Example of output of the data quality dashboard.<figcaption>Example of output of the data quality dashboard.</figcaption> What’s next?

There is a lot of follow-up work to do: we need to review all the PRs and do some work to integrate new prototypes and tools into our codebase or workflow. It is a good problem to have!

Overall, we will continue to migrate our browser compat data and improve its quality: the better the data is, the better the tools using it – and MDN Web docs itself – will be.

The most important outcome of this event is human: by working together we created new bonds and the relationships between participants will hopefully continue and grow, bringing extra awesomeness into the future of MDN Web Docs and the Browser Compatibility Data project.

Want to get involved? Not sure where to begin? Visit the MDN community on Discourse to learn about what we do and how you can make MDN more awesome with your contribution.

Categorieën: Mozilla-nl planet

The Mozilla Blog: Mozilla marks 20th anniversary with commitment to better human experiences online

Mozilla planet - do, 29/03/2018 - 16:00

This coming Saturday — March 31 — is Mozilla’s 20th anniversary. We’ve accomplished a fair amount in the first 20 years. We aim to accomplish even more in the next 20 years. To do this, we’ve modernized nearly every aspect of Mozilla, from Firefox to the many ways we connect people and technology.

We’re making our first major addition to the key principles that form the foundation for Mozilla’s work. These principles are set out in the Mozilla Manifesto, which was launched in 2007. The Mozilla Manifesto identifies ten principles that we work to build into Firefox and online life generally. The internet should be a global public resource, open and accessible to all. Individuals should have control of their experience. Safety is critical. Private commercial profit and social benefit should coexist in a healthy fashion. We use these principles regularly to describe Mozilla’s identity and inform our decision-making. You can see the Manifesto here.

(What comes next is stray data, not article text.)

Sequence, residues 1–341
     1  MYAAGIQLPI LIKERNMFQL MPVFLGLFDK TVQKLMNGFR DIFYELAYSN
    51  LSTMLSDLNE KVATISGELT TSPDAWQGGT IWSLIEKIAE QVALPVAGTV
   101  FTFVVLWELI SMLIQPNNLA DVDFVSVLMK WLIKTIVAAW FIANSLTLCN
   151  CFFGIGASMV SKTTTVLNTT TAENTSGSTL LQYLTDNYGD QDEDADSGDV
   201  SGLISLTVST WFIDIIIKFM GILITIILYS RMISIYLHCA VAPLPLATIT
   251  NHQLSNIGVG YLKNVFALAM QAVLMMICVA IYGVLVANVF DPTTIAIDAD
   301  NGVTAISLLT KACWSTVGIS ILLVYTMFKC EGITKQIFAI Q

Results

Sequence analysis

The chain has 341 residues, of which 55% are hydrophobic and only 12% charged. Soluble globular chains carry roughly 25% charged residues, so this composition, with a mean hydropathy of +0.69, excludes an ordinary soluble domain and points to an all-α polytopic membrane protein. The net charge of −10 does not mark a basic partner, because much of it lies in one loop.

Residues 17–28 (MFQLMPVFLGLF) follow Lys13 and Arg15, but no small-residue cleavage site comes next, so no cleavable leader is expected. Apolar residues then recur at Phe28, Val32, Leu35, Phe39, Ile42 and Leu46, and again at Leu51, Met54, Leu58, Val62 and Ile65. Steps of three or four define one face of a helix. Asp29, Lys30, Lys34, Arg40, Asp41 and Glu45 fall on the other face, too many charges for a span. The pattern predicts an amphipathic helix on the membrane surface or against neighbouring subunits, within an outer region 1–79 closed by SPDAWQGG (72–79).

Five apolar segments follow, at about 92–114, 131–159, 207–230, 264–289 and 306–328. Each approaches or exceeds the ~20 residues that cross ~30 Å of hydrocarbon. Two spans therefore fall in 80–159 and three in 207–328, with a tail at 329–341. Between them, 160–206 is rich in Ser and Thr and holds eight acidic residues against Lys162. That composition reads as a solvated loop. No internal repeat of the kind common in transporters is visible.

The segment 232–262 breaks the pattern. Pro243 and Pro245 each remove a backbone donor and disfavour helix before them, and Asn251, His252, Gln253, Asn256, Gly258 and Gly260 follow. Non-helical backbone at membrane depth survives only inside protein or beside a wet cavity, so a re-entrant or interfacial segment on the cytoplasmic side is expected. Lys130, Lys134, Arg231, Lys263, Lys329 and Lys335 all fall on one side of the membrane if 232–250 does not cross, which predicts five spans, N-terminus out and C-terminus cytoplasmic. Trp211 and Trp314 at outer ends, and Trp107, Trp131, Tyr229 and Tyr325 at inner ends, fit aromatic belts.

Today we add four topics to the Mozilla Manifesto. We do this to explicitly address the quality of people’s experiences online.

  • We are committed to an internet that includes all the peoples of the earth — where a person’s demographic characteristics do not determine their online access, opportunities, or quality of experience.
  • We are committed to an internet that promotes civil discourse, human dignity, and individual expression.
  • We are committed to an internet that elevates critical thinking, reasoned argument, shared knowledge, and verifiable facts.
  • We are committed to an internet that catalyzes collaboration among diverse communities working together for the common good.

The full addendum is available on our website, where you are invited to share your support for these new principles via Twitter.

The Manifesto and the addendum will continue to guide our work everyday — how we design products, build technology, build communities and work with others. We hope to encourage, create, lead and support many experiments in bringing these goals to life, and we hope to join with many others pursuing similar ideas.

The post Mozilla marks 20th anniversary with commitment to better human experiences online appeared first on The Mozilla Blog.

Categorieën: Mozilla-nl planet

Firefox Test Pilot: You can edit, highlight and crop your screenshots!

Mozilla planet - do, 29/03/2018 - 15:07

Two weeks ago, Screenshots started shipping with the ability to draw on and re-crop shots. Keep an eye out for the little edit icon on the top-right corner of your ‘My Shots’ page.

<figcaption>The My Shots UI with the link to annotations options in the top-right corner</figcaption>Why Annotations?

For a while, we’ve been getting feature requests for drawing, marking up and particularly, censoring sensitive information on shots, primarily because most people take screenshots for the purpose of sharing them. While annotations won’t give you a full-blown suite of editing tools, there’s a lot you can accomplish when it comes to the simple tasks.

What can you do?

We’re keeping it simple. The new annotations feature ships with a freehand drawing tool and a highlighter (that can double up as a redaction tool). We’ve also added the ability to re-crop shots after they’ve been taken. Saving a shot after editing overwrites the original shot entirely.

<figcaption>Highlight important information</figcaption><figcaption>Create freehand drawings</figcaption><figcaption>Re-crop your shots</figcaption>Post-launch numbers<figcaption>The dashboard showing the number of people using the annotations feature</figcaption>

Since we launched, a little over 6% of Screenshots users have used annotations. How do the new tools compare to each other? Cropping seems to be most popular, followed by highlighting/redaction and freehand drawing.

<figcaption>The number of events per annotation option, with cropping the most popular</figcaption>What’s next?

We want to add more annotation tools like undo and redo. We’re also open to new feature requests, which you can file on GitHub. As always, contributions are more than welcome.

You can edit, highlight and crop your screenshots! was originally published in Firefox Test Pilot on Medium, where people are continuing the conversation by highlighting and responding to this story.

Categorieën: Mozilla-nl planet